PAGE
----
Musical aesthetics


“I’m really nervous,” quipped James Kallembach, conductor of the University Chorus, Motet Choir, and Rockefeller Chapel Choir, “I don’t usually talk.” As attendees at today’s Divinity School lunch finished off rosemary potatoes, tomato and onion quiche, and dark chocolate mousse, he kicked off his talk, Mysticism and New Choral Music, with a disclaimer. “I don’t know much about mysticism,” he confessed, explaining that “contemplation” was a more apt term for his intended subject—the philosophy of aesthetics.

“Aesthetics,” Kallembach observed, “is what musicians chat about in the undergraduate cafeteria” before they’re trained with the scholar’s analytical tools. He compared the process to a Brita water filter made so complex that one forgets the existence of the water itself. Mourning this “crisis of meaning and value,” the U of C director of choral activities encouraged listeners to appreciate art’s “radiance of form” rather than forever trying to explicate its usefulness. “It’s OK that art is useless in the way a shovel is useful, and art is good in and of itself, in the way a shovel is not,” he said. “Utility,” Kallembach concluded, “need not be made into an idol.”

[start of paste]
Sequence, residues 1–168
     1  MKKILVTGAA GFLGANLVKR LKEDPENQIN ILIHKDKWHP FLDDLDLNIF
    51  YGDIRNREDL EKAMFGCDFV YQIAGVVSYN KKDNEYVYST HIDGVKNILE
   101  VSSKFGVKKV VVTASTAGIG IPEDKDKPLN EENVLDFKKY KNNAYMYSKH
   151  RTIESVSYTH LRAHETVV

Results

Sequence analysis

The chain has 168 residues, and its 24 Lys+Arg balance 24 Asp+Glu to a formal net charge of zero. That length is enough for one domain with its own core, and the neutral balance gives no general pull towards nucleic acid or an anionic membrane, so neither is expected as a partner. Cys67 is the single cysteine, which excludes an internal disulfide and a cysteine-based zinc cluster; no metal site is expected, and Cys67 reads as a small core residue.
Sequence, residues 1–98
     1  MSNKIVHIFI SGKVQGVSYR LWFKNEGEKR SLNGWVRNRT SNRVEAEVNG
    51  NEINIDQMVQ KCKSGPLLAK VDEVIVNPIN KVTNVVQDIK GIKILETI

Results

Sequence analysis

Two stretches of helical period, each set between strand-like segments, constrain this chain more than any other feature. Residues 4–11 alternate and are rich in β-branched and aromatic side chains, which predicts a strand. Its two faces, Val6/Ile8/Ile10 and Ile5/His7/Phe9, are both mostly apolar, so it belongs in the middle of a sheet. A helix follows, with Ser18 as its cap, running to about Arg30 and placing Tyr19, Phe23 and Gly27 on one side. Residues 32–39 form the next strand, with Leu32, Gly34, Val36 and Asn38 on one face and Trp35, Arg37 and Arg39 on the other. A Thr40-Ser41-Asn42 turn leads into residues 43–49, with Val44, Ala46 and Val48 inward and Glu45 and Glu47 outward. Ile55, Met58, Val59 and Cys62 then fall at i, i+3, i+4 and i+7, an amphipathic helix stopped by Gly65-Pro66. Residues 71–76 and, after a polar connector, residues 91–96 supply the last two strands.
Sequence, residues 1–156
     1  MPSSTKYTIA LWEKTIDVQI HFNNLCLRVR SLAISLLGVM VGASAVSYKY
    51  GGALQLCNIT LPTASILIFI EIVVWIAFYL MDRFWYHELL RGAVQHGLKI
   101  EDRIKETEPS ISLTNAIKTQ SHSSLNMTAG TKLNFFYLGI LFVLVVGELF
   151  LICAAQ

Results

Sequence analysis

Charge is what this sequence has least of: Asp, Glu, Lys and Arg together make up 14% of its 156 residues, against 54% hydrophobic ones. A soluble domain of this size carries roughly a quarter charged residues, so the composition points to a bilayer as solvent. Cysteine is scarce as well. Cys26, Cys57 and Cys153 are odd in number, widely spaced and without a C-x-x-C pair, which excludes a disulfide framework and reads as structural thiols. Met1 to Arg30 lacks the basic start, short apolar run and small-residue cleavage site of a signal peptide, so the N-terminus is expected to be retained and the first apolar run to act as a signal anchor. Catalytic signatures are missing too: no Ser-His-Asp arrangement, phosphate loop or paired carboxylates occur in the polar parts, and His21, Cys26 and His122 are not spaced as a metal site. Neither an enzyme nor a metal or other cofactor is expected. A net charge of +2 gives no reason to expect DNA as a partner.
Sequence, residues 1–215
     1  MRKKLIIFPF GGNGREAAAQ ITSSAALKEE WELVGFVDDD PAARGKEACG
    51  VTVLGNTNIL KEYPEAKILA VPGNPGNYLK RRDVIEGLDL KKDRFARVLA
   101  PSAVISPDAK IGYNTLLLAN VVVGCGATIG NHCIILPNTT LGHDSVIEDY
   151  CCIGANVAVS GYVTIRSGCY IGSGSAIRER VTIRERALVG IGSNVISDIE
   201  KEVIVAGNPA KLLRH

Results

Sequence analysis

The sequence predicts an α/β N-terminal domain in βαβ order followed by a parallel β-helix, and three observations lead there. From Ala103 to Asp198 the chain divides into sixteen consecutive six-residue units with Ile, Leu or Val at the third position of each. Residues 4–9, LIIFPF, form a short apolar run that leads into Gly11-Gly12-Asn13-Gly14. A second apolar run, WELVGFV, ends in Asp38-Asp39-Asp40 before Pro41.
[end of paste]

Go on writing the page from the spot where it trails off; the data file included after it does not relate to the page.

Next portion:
Photo: Kallembach speaks in Swift Hall.

February 15, 2006